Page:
BOISE, Idaho — Doctors at Saint Alphonsus Regional Medical Center in Boise became the first in Idaho to attempt Convalescent Plasma Therapy for the treatment of the novel coronavirus, COVID-19.
On Tuesday, Saint Alphonsus Hematologist and Oncology Hospitalist Dr. Richard Miranda supervised the transfusion of plasma donated by a person who recovered from the virus into a critically-ill patient. The donated plasma contains neutralizing antibodies to fight the virus and transfusing it into a COVID-19 infected patient has the potential of increasing the chance for recovery and survival.
“This type of therapy is available now, instead of waiting months for a vaccine,” Dr. Miranda said. “Our hope is to be able to administer this plasma to a patient who is in our COVID unit, before the disease progresses to respiratory failure and the patient needs to be on a ventilator in Intensive Care.”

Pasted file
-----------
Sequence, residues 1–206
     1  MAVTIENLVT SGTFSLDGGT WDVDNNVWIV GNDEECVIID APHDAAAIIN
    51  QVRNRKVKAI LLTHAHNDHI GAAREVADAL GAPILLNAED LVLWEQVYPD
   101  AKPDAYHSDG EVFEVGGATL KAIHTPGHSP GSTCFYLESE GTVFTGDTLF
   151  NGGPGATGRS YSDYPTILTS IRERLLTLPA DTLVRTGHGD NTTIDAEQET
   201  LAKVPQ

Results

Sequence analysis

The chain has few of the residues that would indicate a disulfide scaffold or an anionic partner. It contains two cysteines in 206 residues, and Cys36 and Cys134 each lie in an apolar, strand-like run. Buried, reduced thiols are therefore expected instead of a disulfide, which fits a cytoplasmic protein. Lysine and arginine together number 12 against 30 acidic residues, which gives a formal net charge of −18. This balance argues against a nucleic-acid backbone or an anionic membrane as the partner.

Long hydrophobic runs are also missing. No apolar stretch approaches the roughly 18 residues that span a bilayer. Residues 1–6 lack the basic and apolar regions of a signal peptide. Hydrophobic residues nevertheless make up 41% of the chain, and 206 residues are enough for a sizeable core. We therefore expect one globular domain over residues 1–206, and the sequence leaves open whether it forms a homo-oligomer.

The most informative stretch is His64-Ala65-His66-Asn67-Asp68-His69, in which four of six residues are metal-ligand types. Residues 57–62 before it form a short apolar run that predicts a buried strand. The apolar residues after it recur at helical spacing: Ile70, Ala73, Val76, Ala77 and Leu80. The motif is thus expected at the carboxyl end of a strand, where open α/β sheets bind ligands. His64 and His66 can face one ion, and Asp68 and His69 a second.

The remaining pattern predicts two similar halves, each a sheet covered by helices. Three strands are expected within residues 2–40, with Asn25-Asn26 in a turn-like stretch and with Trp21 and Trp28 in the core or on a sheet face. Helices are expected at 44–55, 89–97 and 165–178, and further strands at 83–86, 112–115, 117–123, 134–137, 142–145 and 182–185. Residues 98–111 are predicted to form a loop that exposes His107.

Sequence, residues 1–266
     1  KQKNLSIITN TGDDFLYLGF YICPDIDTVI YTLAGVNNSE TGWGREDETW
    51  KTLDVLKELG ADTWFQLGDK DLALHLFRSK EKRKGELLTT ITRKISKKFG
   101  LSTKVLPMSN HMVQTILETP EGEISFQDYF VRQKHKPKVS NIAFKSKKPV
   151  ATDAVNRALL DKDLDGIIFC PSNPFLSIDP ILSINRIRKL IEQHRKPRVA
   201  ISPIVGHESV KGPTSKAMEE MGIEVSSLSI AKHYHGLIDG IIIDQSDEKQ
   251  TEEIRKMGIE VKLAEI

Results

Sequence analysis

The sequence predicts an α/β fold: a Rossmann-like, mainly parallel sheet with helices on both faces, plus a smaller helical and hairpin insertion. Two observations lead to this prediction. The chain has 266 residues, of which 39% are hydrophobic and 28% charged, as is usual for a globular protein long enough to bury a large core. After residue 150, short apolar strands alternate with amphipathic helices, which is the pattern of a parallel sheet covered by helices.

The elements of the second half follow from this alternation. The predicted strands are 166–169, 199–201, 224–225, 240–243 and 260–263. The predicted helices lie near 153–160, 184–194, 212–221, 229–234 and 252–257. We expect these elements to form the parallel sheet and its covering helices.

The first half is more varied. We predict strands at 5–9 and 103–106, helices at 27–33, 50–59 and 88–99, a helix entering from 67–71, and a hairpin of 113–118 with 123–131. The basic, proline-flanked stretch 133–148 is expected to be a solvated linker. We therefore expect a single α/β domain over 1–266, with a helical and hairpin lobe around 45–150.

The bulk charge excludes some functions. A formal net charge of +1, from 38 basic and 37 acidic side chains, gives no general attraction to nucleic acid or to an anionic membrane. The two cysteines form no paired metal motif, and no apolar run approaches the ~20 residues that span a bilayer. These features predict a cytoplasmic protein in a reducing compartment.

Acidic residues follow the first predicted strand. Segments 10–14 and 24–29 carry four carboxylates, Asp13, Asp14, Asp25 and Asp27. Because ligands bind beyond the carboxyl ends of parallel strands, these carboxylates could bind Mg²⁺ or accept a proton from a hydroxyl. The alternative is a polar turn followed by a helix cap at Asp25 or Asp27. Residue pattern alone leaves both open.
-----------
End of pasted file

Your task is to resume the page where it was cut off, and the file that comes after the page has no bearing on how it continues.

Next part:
Dr. Miranda says similar plasma antibody therapies were used to treat other viruses, including the Spanish Flu pandemic in 1918, SARS in 2003, H1N1 in 2009, and MERS in 2012.
The plasma therapy is coordinated with the American Red Cross of Idaho, which acquires, screens and types the plasma from appropriate donors. Saint Alphonsus and other healthcare providers in the region are actively reaching out to recovered COVID-19 patients, encouraging them to contact the Red Cross and donate plasma for this potentially life-saving treatment.
Dr. Miranda stressed the need for patients who have tested positive and recovered from the COVID-19 virus to donate; he said the number of patients who might benefit from the therapy far exceeds the available plasma. One donation of plasma may treat two to three patients.
Patients must donate plasma within 30 days of recovering from COVID-19. To donate, contact the Red Cross.